Use of Medication. UVB was commonly used with coal tar (the Goeckerman regimen) in past decades, and then with anthralin (the Ingram regimen). Other medications are being studied with some success, and may prove to be better tolerated.
The Goeckerman regimen requires daily treatments for up to 4 weeks. The coal tar or anthralin are applied once or twice each day and then washed off before the procedure. Studies indicate that a low-dose (1%) coal tar preparation is as effective as a high-dose (6%) preparation. Such regimens are unpleasant, but are still useful for some patients with severe psoriasis, because they can achieve long-term remission (up to 6 - 12 months).
Some evidence suggests that using a simple emollient (such as Vaseline or mineral oil) that enhances UVB light penetration can be effective. This addition to the treatment increases the risk for sunburns, however, and patients must be careful to avoid sun exposure. Researchers are trying combinations of other topical and oral medications. For example, combining UVB with methotrexate or retinoids such as a tazarotene gel or oral acitretin is producing positive results. Combinations with any of these drugs, however, must be supervised carefully to avoid serious reactions.
Side Effects of UVB. The treatment can cause itching and redness. UVB radiation from sunlight is known to increase the risk for skin cancers. There is no strong evidence that UVB treatments pose any risk for skin cancers except on male genitals. This risk, however, can be significant (4.5%) at high doses.
Narrow-band radiation may be safer than other approaches, and some experts now believe it should be the first option for patients with chronic plaque psoriasis.
NB-UVB is used without medications and is very strong. Whether it has any effect on the disease process itself is unclear. The light wavelength is between 310 - 312 nanometers, which is the most beneficial part of sunlight.
Exposure times are shorter, but of higher intensity than with broadband UVB. This therapy is probably less likely than PUVA to cause skin cancers.
Clearance of 75% typically occurs after 10 - 12 treatments. NB-UVB treatments performed three times a week achieve results that are equal to twice-weekly PUVA treatments. Weekly NB-UVB treatments are not effective. Studies so far are mixed on whether NB-UVB remission rates are equal to those of PUVA.
Patients prefer NB-UVB over other PUVA treatments because they do not have to wear protective eyewear, take medications, or experience unpleasant side effects such as nausea. NB-UVB is also safe for pregnant women and children.
Combinations with topical medications, such as tazarotene or psoralens, may help NB-UVB therapy work more effectively.
Laser UVB Treatment. A variation of a device called an excimer laser (Xtrac) delivers a precise UVB wavelength of 308 nanometers. The laser is more effective than narrow-band UVB for localized psoriasis, because it allows very specific areas of skin to be targeted. (Note: The therapy is not suitable for the scalp.) Generally, 8 - 10 treatments given twice a week will clear psoriasis. Remission rates are similar to those of NB-UVB, but the excimer laser can clear the psoriasis faster and at lower doses. It also spares the healthy skin around it. Blistering is a common side effect. More comparison studies are needed to determine risk and benefits compared to NB-UVB, particularly any long-term risk for skin cancer.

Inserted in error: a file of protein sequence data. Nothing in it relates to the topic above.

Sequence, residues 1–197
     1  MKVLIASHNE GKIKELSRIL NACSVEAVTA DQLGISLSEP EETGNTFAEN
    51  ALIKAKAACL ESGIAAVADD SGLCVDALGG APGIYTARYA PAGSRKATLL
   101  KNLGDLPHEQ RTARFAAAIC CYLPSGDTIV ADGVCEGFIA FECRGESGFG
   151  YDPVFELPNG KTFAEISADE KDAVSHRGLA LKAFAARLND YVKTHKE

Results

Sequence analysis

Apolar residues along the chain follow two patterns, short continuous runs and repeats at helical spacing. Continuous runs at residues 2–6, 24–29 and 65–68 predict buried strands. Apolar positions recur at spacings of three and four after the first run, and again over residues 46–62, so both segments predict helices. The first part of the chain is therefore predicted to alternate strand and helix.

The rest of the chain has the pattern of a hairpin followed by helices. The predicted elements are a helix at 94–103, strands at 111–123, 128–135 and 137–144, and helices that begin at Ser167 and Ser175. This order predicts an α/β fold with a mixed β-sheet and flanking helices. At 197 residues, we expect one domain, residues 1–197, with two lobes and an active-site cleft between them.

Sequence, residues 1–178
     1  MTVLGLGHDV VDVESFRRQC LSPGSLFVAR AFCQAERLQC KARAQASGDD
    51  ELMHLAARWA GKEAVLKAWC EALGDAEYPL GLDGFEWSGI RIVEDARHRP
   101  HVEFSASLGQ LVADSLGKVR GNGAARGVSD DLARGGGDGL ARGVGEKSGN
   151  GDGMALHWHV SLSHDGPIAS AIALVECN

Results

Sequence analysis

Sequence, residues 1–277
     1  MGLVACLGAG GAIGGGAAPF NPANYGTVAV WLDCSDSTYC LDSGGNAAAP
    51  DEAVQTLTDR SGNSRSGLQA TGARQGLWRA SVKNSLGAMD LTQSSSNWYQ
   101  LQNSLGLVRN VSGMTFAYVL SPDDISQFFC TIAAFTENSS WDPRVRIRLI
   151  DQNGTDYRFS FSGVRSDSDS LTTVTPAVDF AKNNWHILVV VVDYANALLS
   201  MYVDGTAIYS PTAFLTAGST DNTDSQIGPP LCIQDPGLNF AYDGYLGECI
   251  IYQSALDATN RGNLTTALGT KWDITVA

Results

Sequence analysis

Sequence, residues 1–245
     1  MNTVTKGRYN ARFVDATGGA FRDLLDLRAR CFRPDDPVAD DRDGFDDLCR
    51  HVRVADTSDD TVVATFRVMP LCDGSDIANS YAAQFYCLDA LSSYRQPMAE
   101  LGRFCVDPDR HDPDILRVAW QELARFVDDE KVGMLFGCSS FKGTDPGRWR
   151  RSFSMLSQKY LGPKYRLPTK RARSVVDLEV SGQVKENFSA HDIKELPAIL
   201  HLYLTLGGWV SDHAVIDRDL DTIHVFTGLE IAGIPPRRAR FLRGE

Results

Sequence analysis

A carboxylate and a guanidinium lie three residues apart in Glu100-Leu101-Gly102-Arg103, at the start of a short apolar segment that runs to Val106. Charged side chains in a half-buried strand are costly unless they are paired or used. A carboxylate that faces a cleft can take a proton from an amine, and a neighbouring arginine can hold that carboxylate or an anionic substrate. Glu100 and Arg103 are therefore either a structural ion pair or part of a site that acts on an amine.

Pulsed-Dye Lasers. Pulsed-dye lasers give off high-intensity yellow light, which destroys the tiny blood vessels that make up psoriatic plaques. This treatment has been used for years to remove birthmarks, such as port wine stains and unsightly blood vessels on the skin. Some studies have reported significant (but not complete) improvement, and remissions that have lasted up to 13 months. Treatment sessions last for up to 30 minutes and can feel uncomfortable (similar to being repeatedly snapped with a rubber band). It typically takes up to six sessions to clear the target areas. Bruising is common, and there is a small risk for scarring.
Home tanning devices and tanning salons are not usually recommended, but they may be helpful for patients who do not have access to a medical unit. Many patients have achieved a significant reduction in symptoms when taking acitretin and exposed to a UVB commercial tanning unit (specifically, a Wolff tanning bed).
However, UV outputs can vary widely among tanning beds and salons. Some units emit UVA radiation, which poses a higher risk for skin cancers. Adverse effects of tanning salons that use UVA or UVB radiation are the same as with any UV phototherapies, including a risk for skin cancer.